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Head injuries hit close to home

Head injuries are a major concern for all contact sports, especially football. Recently, Abraham Romero, 17, captain of the Organ Mountain High School football team in Las Cruces, New Mexico, died Saturday, Sept. 17, 2022, from a head injury. Romero’s team was playing against the Deming High School football team when he sustained a head injury that put him in a medically induced coma for three weeks until he eventually passing away. 

Some of the dangers football players face when it comes to head injuries are concussions, chronic traumatic encephalopathy and various other traumatic brain injuries. 

Images of brain scans taken Feb. 11, 2014. (Photo by Nathan Schmook/ SportsMedBiologic)

Concussions occur when the brain hits the inside of the skull from a collision. It has been reported that players who suffer from one concussion have a higher chance of getting a second one. Symptoms are also expected to last longer than the symptoms of a prior concussion.

CTE is caused by repeated head injuries that result in the brain becoming weaker over time.  According to Alex Pew and Danielle Shapiro, MD, MPH, in an article from the National Center for Health Research, “CTE is most often found in athletes who have experienced repeated head injuries, such as former boxers, hockey players, and football players.”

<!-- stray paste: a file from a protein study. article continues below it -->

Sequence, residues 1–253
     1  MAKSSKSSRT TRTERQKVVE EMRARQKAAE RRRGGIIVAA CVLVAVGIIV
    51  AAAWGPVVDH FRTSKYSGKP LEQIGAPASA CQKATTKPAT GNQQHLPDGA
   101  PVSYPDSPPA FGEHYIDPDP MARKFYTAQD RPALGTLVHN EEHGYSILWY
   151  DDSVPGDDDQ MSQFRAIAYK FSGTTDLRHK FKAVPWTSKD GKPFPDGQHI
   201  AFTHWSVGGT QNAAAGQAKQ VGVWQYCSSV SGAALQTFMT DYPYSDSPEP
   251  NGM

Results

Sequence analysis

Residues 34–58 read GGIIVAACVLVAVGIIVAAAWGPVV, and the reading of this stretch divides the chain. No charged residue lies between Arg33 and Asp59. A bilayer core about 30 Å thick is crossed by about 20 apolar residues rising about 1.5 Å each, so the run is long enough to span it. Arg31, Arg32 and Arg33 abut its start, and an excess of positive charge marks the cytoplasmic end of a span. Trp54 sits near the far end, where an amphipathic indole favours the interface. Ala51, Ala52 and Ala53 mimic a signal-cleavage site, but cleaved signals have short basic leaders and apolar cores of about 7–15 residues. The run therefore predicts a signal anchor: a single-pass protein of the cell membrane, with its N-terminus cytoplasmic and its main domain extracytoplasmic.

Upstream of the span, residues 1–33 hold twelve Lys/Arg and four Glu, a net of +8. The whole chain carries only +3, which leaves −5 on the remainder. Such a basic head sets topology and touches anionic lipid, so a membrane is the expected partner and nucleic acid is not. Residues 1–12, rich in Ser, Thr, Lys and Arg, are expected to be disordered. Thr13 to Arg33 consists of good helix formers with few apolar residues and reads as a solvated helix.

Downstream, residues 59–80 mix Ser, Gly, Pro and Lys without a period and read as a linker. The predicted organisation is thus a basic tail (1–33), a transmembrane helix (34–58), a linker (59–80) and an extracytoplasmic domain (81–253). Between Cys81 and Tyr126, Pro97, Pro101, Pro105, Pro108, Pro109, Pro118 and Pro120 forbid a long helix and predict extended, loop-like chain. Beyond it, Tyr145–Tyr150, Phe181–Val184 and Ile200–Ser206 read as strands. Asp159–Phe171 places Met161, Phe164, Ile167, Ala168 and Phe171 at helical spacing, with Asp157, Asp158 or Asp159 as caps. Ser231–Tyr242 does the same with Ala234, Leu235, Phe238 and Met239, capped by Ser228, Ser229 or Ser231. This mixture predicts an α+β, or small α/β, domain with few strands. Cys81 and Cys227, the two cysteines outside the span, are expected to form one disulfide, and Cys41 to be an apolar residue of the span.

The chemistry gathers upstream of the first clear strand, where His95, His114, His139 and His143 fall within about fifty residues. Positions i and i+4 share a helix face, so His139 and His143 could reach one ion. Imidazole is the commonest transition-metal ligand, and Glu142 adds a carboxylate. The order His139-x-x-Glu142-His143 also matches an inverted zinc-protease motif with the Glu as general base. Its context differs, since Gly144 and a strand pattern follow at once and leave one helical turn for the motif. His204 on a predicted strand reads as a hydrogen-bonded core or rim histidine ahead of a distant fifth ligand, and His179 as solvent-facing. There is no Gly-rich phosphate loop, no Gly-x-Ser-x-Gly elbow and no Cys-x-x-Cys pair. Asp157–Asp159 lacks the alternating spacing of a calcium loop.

It’s important to know that football players of all ages can be at risk of head injuries, from youth athletes to Olympic athletes. It’s important to be familiar the symptoms of a head injury and follow proper procedures if necessary.

Some parents are concerned about safety in sports. A parent of a Deming High School athlete, Amber Richmond, says that athletes try to continue playing even when they’re injured.

“Because the schools do have rules so that they can’t play if they have so many concussions, a lot of athletes won’t tell their coaches or hide it because they want to continue playing. It’s important to them,” Richmond said.

There have been rules and regulations added to the game of football in order to make sure players are as safe as possible. In an interview with the Las Cruces Sun-News, head coach Mark Lopez shared his opinion on football safety.

“As horrible as [the loss of Romero] is, I really feel like football is at its safest point that it’s ever been when you talk about safety regulations and rule changes and everything else,” Lopez said.

Centennial High School head football coach Aaron Ocampo also weighed in on the topic. “Like anything in life, there’s going to be positives and there’s going to be negatives, too … the risk of injury in football is definitely one of those things that could be seen as a negative,” Ocampo said. 

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